Musick: Ageless 'Zeus' reigns over playoffs
CHICAGO – Let’s go back in time.
It’s 1998. The leaves are changing colors. What are you doing?
“I was 10 years old,” Blackhawks forward Ben Smith said with a laugh. “I don’t even know.”
So, you’re not playing in the NHL?
“I was not,” Smith said.
That’s OK. We can’t all be like Michal Handzus.
Forget about Old Man Winter. It’s time to salute Old Man Spring.
That would be Handzus, 37, whose NHL career has spanned parts of two centuries and included stints in four time zones. He has played in 1,009 regular-season games, notching 483 points and 498 penalty minutes and 1,415 shots on goal and a bunch of other statistics.
Yet one number surprised Handzus as he discussed his remarkable career this week.
One hundred career playoff games. Smack dab, on the button. Hello, triple digits.
“Really?” Handzus said.
If the Internet says it’s true, then it’s true.
“I don’t really think about that,” said Handzus, who is to self-promotion what the North Pole is to humidity. “You think about the series and how to play, not how many games you play.
“I think, when you’re done with hockey and you’re done with your career, you’re going to look back and see those interesting [statistics]. But, in the heat of the moment, in the heat of the playoffs, you don’t think about it.”
Luckily, no rule prevents fans and reporters from thinking about it. So let’s think about it.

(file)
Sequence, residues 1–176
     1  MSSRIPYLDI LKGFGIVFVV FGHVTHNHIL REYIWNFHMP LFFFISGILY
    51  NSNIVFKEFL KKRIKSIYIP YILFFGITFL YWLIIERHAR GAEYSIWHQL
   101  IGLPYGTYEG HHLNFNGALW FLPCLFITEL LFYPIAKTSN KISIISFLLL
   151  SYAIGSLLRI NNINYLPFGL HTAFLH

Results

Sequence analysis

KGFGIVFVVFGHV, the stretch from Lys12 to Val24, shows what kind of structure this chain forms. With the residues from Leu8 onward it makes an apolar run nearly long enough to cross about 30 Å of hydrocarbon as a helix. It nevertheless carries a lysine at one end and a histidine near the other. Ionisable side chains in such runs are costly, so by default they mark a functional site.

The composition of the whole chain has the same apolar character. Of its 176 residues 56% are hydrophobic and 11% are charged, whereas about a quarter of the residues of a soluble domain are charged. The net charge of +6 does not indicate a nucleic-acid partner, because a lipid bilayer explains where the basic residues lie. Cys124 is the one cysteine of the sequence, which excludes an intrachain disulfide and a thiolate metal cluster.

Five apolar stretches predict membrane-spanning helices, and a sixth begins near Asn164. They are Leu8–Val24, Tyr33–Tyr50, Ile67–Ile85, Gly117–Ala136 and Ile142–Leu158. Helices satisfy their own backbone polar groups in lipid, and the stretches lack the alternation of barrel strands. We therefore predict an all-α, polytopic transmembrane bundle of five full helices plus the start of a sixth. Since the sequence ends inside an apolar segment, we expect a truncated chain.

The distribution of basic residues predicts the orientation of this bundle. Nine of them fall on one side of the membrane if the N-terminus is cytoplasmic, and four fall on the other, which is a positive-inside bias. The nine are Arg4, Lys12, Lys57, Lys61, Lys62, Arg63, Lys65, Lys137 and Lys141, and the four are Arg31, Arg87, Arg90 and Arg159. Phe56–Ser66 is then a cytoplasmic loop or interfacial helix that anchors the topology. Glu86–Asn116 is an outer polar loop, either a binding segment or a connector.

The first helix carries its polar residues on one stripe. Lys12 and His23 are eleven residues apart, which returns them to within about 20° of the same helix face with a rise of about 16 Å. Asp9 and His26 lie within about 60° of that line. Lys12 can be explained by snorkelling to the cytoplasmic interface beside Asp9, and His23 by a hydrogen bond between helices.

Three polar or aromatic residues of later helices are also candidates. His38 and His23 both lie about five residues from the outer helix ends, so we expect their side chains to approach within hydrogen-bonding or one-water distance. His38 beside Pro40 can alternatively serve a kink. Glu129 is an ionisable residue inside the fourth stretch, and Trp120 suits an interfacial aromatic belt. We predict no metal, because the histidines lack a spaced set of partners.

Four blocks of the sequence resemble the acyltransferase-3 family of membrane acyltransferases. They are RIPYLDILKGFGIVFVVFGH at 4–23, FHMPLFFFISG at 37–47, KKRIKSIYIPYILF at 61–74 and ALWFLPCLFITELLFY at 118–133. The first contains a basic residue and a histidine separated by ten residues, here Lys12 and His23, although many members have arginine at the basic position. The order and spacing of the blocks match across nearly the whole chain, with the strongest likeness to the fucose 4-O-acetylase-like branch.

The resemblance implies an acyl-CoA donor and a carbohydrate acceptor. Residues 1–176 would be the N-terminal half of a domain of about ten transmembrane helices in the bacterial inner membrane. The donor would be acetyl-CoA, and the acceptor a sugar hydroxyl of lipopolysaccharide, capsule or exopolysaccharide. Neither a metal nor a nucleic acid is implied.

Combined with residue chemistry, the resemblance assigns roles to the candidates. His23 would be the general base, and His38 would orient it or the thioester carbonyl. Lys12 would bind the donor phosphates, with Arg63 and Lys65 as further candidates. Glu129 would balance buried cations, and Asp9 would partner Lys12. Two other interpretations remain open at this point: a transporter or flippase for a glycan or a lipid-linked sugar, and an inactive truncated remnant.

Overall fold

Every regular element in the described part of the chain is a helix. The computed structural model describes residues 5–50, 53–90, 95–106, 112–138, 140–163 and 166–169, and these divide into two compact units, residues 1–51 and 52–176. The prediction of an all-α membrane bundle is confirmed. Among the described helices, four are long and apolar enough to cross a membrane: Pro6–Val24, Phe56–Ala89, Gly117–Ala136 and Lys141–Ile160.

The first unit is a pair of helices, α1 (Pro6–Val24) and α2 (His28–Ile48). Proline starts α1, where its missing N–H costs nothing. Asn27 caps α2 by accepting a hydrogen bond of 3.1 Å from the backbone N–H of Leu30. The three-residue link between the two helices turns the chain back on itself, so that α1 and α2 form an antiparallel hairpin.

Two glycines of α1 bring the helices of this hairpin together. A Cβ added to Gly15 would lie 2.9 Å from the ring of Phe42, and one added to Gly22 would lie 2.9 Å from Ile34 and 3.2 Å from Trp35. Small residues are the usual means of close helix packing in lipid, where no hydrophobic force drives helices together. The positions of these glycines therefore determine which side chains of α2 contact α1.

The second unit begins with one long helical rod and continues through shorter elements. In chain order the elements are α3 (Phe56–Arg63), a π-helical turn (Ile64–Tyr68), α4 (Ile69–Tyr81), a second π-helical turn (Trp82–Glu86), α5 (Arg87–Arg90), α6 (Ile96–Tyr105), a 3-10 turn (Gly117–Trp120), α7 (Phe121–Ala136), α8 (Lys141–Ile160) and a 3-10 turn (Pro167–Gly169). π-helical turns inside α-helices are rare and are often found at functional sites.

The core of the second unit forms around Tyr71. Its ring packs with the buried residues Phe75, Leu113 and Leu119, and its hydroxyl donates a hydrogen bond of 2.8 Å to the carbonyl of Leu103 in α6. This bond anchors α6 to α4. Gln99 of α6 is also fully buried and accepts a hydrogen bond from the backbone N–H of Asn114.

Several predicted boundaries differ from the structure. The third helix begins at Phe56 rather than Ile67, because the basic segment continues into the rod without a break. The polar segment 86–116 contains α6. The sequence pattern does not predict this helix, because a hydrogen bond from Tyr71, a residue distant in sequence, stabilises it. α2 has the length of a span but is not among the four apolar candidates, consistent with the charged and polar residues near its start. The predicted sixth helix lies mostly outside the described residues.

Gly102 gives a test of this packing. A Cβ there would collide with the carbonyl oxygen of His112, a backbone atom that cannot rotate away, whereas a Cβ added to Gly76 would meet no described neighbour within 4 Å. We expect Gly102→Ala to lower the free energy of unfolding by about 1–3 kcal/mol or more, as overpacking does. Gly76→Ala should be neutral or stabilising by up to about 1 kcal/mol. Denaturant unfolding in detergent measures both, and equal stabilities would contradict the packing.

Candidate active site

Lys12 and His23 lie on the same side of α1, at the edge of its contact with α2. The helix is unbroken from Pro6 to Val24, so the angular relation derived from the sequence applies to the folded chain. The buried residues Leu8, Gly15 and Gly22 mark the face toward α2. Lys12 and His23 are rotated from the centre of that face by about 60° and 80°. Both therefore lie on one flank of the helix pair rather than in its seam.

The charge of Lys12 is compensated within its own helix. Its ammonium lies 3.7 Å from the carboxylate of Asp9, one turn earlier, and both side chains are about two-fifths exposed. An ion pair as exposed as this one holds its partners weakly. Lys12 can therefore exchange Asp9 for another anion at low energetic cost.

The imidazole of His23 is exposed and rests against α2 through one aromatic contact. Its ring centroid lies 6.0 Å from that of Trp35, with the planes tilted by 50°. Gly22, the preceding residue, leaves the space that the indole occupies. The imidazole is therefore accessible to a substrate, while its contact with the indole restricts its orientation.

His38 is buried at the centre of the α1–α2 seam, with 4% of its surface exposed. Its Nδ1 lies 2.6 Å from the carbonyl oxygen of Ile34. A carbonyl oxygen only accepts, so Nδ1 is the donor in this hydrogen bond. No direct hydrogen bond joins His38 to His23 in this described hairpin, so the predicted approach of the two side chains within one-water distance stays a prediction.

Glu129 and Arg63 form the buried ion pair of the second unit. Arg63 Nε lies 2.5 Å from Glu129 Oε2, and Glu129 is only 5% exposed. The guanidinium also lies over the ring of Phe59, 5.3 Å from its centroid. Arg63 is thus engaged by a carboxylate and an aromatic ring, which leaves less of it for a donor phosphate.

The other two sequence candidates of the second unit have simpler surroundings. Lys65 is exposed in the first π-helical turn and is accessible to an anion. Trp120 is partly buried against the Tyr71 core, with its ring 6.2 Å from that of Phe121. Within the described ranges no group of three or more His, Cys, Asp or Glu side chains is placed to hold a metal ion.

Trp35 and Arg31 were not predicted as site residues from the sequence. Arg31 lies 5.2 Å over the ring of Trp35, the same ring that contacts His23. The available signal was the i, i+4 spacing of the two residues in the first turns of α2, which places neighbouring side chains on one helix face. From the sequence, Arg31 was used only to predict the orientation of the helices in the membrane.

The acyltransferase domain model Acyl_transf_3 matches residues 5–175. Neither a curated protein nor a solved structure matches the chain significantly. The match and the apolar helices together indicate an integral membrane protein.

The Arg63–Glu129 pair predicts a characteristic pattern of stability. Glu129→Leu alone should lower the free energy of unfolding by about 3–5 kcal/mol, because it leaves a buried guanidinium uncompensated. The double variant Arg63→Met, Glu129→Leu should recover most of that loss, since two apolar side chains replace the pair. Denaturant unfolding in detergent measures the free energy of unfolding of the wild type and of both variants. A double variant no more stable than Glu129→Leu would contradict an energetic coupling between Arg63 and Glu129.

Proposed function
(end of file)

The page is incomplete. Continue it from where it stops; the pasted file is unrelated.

One hundred hockey playoff games is no joke. That’s like bungee jumping off of the world’s highest bridge. That’s like riding the world’s longest roller coaster, filled with ups and downs and twists and turns and anything else that makes your face turn green.
But Handzus is still going strong, the contents of his stomach intact. He was one of the Hawks’ best players Monday in career playoff game No. 100, blocking three shots in nearly four minutes of short-handed ice time and earning an assist on even strength.
It was classic Handzus, doing all of the little things that can add up to a big difference. Teammates razzed him on the bench as a sellout crowd bellowed his nickname – “Zeuuuuus” – in appreciation of his efforts.
Is he glitzy? No. Is he glamourous? Of course not.
Is he good? Ask the Blues.
“He’s really good,” said Blues forward Maxim Lapierre, a nine-year NHL veteran. “He’s a big, strong and really smart player. He’s strong defensively, and I think people underestimate how good he is offensively. He’s a tough player to play against.
“I don’t really know him personally, but by the way he acts on the ice, he must be a real professional on and off of the ice. This is why he’s still in the league.”
On this, heated rivals can agree. Handzus is respected as much as any player in the Hawks’ locker room, a veteran who rarely speaks but always leads by example.
“He’s a quiet leader,” Smith said. “He’s reliable. It seems like you could put him out there at any time of the game, and he’ll do the job. He’s definitely a guy that’s good for us young guys, looking up to him and seeing all he’s been through and what he does at 37.”
But all good things must come to an end, even if your nickname is Zeus.
Handzus will be an unrestricted free agent after this season, and it’s tough to say what will come next. The Hawks could re-sign him to another one-year deal like they did last summer, or they could decide to shop for a second-line center on the free agent market.
As far as Handzus is concerned, pondering the future is kind of like thinking about statistics. Save it until after the playoffs.
“At this age, you go season by season,” Handzus said. “And then you figure out how you feel, how other teams feel about you, and then you go from there.”
One more question.
Is it still fun?
“Oh yeah,” Handzus said. “A lot of fun. Especially now.”
• Northwest Herald sports columnist Tom Musick can be reached at email@example.com and on Twitter @tcmusick.